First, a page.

‘How does climate change affect me?’

On the day that East Devon District Council considers a report that “concerns matters of life and death” for future generations, you may be asking yourself how the climate change emergency is impacting you and your environment.

The fact is that climate change is already making a difference to all of our lives – even in East Devon.

Causes of global warming include an increase in greenhouse gases, deforestation, population growth, and the destruction of ecosystems in our seas.

There are long-term health implications as a result of the impact on air quality and risks associated with flooding.

But there are other, less obvious changes that impact everything from the fish we eat to what crops local farmers grow.

The World Wide Fund for Nature, formerly the World Wildlife Fund, says even a 1C rise in sea temperature can displace fish. Locally, that could see cod, plaice and haddock moving as many as 400 miles away. If you like your fish fresh, you may have to change your tastes in the future.

With a rise in sea temperatures comes some exotic species. There are an increasing number of sun fish sightings, along with reports of hammerhead sharks and trigger fish.

The National Farmers’ Union says its members are changing the crops they grow. Warmer temperatures mean more are harvesting sunflowers and maize.

While the sight of sunflowers may sound appealing, drought stress has been rising and impacting crops for the past two decades.

Water conservation has become a more pressing issue, with growers having to prioritise which plants benefit from irrigation systems.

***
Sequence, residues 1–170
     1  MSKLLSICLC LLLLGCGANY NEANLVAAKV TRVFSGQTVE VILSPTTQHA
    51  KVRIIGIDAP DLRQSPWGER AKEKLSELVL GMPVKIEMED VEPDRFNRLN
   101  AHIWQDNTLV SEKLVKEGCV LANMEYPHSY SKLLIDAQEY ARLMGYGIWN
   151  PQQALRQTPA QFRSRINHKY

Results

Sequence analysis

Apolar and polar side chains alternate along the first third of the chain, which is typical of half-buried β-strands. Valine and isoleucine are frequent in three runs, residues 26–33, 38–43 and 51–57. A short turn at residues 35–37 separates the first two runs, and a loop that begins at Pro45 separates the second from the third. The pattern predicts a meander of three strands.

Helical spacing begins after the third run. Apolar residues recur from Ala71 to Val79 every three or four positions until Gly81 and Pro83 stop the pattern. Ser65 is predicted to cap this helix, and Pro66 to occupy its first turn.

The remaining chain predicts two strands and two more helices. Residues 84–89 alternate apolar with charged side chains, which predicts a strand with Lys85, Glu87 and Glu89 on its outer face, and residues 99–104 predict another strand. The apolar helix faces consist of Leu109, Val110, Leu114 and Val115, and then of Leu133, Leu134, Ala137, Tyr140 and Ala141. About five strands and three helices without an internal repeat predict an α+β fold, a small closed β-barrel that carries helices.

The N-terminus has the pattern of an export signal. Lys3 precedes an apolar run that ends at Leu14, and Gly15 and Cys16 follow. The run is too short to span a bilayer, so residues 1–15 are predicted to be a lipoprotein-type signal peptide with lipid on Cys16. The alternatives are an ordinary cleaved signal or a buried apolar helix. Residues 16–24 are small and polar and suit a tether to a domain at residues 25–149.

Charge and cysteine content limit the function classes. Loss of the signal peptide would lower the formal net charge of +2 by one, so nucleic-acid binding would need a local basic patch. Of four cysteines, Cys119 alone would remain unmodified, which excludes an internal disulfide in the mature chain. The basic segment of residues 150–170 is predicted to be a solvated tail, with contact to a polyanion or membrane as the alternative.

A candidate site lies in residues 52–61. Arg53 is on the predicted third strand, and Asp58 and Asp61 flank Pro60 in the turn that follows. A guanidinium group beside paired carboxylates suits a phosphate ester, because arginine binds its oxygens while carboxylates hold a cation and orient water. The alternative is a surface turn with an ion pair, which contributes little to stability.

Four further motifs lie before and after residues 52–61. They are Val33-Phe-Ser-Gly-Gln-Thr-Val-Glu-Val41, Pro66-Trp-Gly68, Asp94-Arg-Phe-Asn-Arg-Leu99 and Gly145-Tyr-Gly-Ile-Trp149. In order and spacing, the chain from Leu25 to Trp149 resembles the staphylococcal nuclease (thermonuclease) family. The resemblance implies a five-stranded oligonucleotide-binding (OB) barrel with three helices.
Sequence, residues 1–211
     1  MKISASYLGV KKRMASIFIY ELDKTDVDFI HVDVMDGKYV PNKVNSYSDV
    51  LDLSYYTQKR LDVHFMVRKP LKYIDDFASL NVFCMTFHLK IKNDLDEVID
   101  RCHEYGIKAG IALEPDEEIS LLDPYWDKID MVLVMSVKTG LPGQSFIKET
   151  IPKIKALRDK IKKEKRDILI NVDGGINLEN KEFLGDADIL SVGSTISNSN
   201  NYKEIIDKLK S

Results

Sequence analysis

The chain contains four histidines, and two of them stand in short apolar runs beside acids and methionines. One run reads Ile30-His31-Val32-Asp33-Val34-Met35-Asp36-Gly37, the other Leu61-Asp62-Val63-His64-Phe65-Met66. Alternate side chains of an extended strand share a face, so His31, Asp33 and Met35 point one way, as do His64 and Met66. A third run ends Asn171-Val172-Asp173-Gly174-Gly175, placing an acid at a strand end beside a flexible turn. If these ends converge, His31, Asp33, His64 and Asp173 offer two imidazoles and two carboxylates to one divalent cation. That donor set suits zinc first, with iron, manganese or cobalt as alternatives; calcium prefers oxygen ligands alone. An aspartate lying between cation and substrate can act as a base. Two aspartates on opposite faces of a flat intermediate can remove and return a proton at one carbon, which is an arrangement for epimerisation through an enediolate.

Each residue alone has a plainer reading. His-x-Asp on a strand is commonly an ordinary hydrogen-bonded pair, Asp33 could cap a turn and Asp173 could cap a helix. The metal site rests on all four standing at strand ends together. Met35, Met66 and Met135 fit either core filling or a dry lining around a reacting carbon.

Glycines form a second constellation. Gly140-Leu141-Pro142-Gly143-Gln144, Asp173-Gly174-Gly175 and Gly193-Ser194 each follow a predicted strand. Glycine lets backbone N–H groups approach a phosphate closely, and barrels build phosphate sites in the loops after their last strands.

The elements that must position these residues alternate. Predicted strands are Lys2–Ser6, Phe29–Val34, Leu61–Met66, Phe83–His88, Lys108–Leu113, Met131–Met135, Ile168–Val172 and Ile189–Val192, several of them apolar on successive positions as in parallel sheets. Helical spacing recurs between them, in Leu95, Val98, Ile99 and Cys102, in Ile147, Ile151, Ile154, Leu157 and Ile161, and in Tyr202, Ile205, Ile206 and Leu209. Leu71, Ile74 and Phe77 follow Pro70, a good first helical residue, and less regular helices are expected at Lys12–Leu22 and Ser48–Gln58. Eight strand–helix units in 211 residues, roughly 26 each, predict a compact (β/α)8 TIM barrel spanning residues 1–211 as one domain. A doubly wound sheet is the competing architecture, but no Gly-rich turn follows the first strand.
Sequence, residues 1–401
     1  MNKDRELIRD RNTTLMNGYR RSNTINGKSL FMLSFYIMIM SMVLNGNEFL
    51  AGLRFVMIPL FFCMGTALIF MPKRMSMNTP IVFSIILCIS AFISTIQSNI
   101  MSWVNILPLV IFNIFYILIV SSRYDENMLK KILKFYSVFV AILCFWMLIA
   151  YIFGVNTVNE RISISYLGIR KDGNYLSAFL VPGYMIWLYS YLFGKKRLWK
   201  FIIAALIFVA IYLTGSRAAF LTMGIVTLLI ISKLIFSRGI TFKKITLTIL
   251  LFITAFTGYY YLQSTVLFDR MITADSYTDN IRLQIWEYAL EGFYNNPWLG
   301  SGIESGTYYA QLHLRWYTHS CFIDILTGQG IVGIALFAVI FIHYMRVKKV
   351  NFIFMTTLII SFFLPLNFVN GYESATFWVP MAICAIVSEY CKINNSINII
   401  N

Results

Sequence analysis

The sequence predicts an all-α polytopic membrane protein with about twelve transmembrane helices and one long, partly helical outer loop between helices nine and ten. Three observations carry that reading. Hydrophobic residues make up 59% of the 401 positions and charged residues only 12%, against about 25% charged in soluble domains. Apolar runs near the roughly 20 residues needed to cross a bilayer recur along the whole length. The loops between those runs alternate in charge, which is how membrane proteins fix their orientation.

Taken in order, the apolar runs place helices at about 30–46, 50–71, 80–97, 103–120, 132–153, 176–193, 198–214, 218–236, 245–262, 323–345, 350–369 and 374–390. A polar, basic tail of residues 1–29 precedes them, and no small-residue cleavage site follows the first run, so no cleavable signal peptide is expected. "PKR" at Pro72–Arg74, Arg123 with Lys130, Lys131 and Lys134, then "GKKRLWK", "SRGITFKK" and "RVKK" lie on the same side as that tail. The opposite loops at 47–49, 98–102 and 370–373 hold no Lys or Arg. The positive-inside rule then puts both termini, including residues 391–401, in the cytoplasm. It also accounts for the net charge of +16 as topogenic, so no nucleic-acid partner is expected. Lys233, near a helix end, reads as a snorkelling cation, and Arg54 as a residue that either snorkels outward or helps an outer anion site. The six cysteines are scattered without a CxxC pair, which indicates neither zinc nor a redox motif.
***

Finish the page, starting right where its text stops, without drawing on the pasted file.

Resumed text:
Locally, this could see vegetables and salad crops given priority. However, with native insects surviving warmer winters, farmers are having to do more to protect their crops from aphids.

Poultry farmers are keeping a close eye on temperatures. Extremely long, hot spells – like the heatwave last year – can lead to spikes in the death rate.

Impact of climate change on buildings

The Building Research Establishment says climate change is impacting the foundations of buildings – the result of drier soil. If you are a homeowner, have we got your attention?

In the future, new regulations are likely to take this into account – as well as the impact of strengthening wind speeds on tall buildings.

To combat the risks of flooding, the standard height for sea defences has been revised and the Government is committed to spending literally hundreds of millions on new flood defence schemes.

Today East Devon District Council could agree to sign up to the Devon Climate Change Emergency Declaration. The council’s portfolio holder for environment, Councillor Jeff Jung says the authority has  “a moral and legal duty to act on climate change now”.

Meanwhile, Councillor Ben Ingham, leader of the council, points out tackling climate change locally will go “deeper than recycling a bit more”.

He said it is about “dramatically reducing what we buy” and “embracing the circular economy”.

Don’t think climate change impacts you? Think again.

 

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